Where did the idea for the Mediterranean voices come from?
It all came because you are always connected, you check the newspapers and see what is happening all over the world… Early from the beginning I wanted to try and use, as a resource, something which would make you stop and think. Ultimately, it is a subject with which I am sensitive and I wanted to follow that lead... At first I didn’t have all the information I have right now, and that is sort of the point when you decide to start a project, to look and to nose around... Actually, it is at that moment when questions about basic things such as the number of deaths or when it all started begin.
Why Mediterranean voices? How do you reach the concept for the central element in this project?
I thought it was a good idea to give it the name “Mediterranean voices” because those are really the lost voices, the voices that stayed there, people who died and didn’t have the opportunity to get here. Men, women, children... In sum, families taking risks to try and find a decent life...
I wanted you to be transported, at all times, to see this situation reflected, since it can be really appreciated through the production behind it... In particular the glass piece, with those curving shapes that reminds us of the sea and the fragility of those lost lives.
How was the creative process developed?
When they told me that my project had been selected I encountered a problem... Now what? I hadn’t worked with glass before, I didn’t know which process to follow in order to make the piece or how the drops dripping would work, because once you find yourself in the conceptual process of the project, doubts arise, but if you are excited with one idea you keep going even though you know “problems” will soon follow... but it is also the fun part of the process, where you keep discovering new ways of doing and it adds to your knowledge of things you didn’t even know interested you.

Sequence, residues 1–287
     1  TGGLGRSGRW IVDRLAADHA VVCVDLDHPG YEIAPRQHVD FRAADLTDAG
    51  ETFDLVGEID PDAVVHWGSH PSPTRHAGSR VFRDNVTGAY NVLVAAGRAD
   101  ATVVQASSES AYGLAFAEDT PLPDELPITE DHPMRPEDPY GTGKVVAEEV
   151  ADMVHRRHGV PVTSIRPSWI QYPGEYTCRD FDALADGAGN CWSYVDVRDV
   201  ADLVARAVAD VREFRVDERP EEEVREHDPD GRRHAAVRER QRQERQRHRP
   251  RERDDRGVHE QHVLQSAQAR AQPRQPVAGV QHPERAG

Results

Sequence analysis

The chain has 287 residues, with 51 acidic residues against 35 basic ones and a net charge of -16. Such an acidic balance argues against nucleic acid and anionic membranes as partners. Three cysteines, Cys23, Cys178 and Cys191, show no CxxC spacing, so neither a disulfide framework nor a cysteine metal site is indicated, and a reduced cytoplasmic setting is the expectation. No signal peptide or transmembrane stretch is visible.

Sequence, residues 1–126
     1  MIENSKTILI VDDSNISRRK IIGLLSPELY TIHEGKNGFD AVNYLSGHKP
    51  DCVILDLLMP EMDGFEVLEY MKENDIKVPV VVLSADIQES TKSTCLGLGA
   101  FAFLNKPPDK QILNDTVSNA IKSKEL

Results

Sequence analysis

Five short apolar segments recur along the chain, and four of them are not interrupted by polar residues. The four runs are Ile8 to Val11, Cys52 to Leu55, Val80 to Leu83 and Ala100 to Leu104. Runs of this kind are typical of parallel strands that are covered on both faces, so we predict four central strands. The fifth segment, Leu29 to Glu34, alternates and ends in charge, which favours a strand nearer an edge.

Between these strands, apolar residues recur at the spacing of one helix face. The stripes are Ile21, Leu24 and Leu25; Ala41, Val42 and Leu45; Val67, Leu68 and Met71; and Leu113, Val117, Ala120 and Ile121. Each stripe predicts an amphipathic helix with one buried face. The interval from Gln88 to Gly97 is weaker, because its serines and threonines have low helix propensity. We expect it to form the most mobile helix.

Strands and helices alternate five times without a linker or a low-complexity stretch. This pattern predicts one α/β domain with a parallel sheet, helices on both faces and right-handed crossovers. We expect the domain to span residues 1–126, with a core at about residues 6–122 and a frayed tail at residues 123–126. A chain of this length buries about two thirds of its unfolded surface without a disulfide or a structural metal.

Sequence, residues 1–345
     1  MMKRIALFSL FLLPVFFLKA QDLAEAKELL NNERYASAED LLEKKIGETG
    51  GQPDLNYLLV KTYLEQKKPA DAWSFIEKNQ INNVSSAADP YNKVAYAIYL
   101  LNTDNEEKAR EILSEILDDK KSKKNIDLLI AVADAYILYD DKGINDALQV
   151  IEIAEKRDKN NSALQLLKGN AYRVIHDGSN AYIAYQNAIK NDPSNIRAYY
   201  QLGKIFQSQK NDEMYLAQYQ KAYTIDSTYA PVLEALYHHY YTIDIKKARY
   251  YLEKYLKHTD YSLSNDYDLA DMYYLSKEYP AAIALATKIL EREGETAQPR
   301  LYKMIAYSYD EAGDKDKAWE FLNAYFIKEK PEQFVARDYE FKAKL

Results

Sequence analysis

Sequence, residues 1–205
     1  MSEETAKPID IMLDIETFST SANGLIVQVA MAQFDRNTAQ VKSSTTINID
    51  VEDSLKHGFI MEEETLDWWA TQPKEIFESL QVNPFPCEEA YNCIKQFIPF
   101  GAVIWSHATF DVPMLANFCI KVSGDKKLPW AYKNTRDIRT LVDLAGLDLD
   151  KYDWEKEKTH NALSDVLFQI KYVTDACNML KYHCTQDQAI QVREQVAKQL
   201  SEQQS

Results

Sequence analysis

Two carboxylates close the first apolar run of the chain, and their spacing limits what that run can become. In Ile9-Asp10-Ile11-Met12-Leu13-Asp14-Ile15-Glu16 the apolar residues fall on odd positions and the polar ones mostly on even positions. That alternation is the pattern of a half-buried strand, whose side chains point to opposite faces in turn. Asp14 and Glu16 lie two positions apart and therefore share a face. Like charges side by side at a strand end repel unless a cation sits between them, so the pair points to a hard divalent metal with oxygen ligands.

Before starting with the managing from Aigües Vic, I was very lucky because they put me in contact with Dadá Comunicación, who gave me their impressions on the project. The most difficult part was how to make the actual piece, and while researching the handcrafting world I contacted 40 Plumas studio, who made the piece adhering as far as possible to the design I had presented, despite the complexity of its production.
My idea was to present a piece with a dripping water circuit and a counter for the drops, each of them symbolising every death we have had this year in the Mediterranean Sea. To make this, Juan Carlos, the engineer, helped me bring the piece to life so as to be able to experiment with the dripping, the counter… to create an experience around it.
This way, the assembly was tied up and the only thing missing was how to integrate this intervention in the provided space... and here was where the lighting role started, helping me play with its shape and adding the presence that I needed inside the exposition.
How did LEDS-C4 help you? What is the importance of lighting?
As I said, it wasn’t until late in the project when the lighting took place. Seeing as I needed the whole assembly to get the attitude it was missing in order to remember the whole concept behind it, I understood I could achieve that with lighting. That is why I talked to Pere, who helped me in the process. From the very beginning it was clear we had two important things to consider: the actual piece standing out over the rest and the challenge of integrating it in the exhibition.
This is the reason why this piece only has a projector which goes down on an almost zenith way, adding the needed drama while playing with the volumetrics, and most of all with the reflexes thanks to the interacting of water and glass creating its own light body. It was then, with the perimeter RGB led band, that we obtained a bath which helps us bring people together, working as a perimeter… Playing with RGB also allows for the glass colour to be related to it without resting importance to the light making the piece stand out.
At the end, what we achieved with lighting was to transmit, through the exhibition, all the power of the intentions behind it.